Virginia Barton

Bloody Mary’s Benedictines

Catholic Herald, 16 February 1990               


Review: The Return of the Benedictines to London by Rene Kollar (Burns and Oates, £15)


This remarkably detailed book presents the history of Ealing Abbey from 1896 to just after the Second World War, when it became an independent priory. The author, Father Kollar, is a Benedictine himself, from St Vincent Archabbey in Pennsylvania. He has already published a book on Westminster Cathedral.

Maria_Tudor1This new work traces the vicissitudes of creating a new community both at the political and  practical level: “If a common thread runs through the story of these monks, it is the Benedictine’s struggle to reconcile the precepts of traditional English monasticism to the demands and challenges of an unfamiliar, urban setting.”

This meant an involvement with the local community and parish, centred on the school the Benedictines opened in 1902. There are lessons here for us today: the purpose and future of Catholic education, the question of religious authority, the shortages of manpower and funds.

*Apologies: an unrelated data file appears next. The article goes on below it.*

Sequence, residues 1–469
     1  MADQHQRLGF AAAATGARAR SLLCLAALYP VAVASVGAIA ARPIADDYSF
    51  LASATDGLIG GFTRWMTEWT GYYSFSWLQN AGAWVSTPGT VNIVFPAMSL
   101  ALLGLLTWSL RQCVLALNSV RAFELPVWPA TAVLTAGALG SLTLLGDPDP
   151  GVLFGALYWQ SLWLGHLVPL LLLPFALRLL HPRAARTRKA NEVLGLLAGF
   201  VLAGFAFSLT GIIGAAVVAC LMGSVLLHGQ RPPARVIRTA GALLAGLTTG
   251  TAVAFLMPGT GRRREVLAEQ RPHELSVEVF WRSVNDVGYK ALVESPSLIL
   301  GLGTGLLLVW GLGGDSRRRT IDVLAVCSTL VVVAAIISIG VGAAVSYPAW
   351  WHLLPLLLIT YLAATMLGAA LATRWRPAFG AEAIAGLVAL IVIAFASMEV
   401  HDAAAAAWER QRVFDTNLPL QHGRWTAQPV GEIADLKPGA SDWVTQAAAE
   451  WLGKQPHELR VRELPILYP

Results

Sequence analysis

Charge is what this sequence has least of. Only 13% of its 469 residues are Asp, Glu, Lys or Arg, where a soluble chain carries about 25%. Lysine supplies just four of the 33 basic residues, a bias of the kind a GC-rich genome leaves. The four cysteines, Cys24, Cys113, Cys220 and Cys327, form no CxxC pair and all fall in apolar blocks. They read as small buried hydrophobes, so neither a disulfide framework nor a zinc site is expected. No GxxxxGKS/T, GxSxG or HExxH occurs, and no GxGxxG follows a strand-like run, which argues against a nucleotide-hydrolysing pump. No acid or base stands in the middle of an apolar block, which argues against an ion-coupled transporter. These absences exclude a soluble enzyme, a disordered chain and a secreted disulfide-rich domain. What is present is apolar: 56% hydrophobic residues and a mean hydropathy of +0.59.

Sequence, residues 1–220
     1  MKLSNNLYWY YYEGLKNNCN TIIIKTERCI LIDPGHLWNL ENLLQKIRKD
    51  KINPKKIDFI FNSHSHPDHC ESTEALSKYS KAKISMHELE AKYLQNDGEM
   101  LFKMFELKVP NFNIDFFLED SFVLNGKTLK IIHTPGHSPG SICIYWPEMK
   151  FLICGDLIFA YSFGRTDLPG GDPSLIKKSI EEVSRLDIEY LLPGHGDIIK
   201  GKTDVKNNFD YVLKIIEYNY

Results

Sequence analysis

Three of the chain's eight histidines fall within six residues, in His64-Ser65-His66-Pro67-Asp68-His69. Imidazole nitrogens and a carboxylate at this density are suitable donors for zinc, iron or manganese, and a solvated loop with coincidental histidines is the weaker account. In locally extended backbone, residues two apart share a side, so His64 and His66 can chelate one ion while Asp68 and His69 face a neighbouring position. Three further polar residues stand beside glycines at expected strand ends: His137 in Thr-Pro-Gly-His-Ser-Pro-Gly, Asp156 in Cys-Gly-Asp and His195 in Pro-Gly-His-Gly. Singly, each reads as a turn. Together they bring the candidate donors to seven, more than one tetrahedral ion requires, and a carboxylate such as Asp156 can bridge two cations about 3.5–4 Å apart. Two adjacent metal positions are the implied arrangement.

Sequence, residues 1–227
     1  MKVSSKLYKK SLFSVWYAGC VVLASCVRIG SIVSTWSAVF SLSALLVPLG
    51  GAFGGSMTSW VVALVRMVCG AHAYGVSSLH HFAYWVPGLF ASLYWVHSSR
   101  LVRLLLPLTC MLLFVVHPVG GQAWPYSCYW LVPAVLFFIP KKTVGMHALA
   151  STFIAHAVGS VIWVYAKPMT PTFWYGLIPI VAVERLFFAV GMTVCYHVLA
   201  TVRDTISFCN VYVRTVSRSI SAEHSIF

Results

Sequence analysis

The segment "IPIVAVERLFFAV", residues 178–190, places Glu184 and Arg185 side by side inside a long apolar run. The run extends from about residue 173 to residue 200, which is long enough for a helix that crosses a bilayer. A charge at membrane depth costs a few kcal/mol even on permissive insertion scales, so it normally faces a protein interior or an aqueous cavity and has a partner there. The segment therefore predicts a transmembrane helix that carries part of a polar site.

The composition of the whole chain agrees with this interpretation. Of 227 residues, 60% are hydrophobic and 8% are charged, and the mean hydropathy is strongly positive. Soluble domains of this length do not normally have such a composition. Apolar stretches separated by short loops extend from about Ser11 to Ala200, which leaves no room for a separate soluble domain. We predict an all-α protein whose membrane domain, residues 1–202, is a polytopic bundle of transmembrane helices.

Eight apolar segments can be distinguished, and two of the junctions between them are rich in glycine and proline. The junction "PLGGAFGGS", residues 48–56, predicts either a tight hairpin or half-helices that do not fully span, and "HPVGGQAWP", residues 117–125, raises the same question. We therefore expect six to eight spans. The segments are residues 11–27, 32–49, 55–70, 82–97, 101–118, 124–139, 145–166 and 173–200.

“Bloody” Mary, Henry VIII’s daughter, had brought monks back to London but Elizabeth soon dismissed them and it was not until the end of the 19th century that the Benedictines of Downside accepted Cardinal Vaughan’s invitation to settle in Ealing.

They were supposed to provide monastic voices to sing at the new cathedral in Westminster but suspicion and jealous rivalries resulted in these duties being given instead to the secular clergy. Fortunately the foundation at Ealing survived despite numerous obstacles.

A formidable amount of scholarly research has gone into this book which every friend and pupil of the Benedictines will read with interest and satisfaction.




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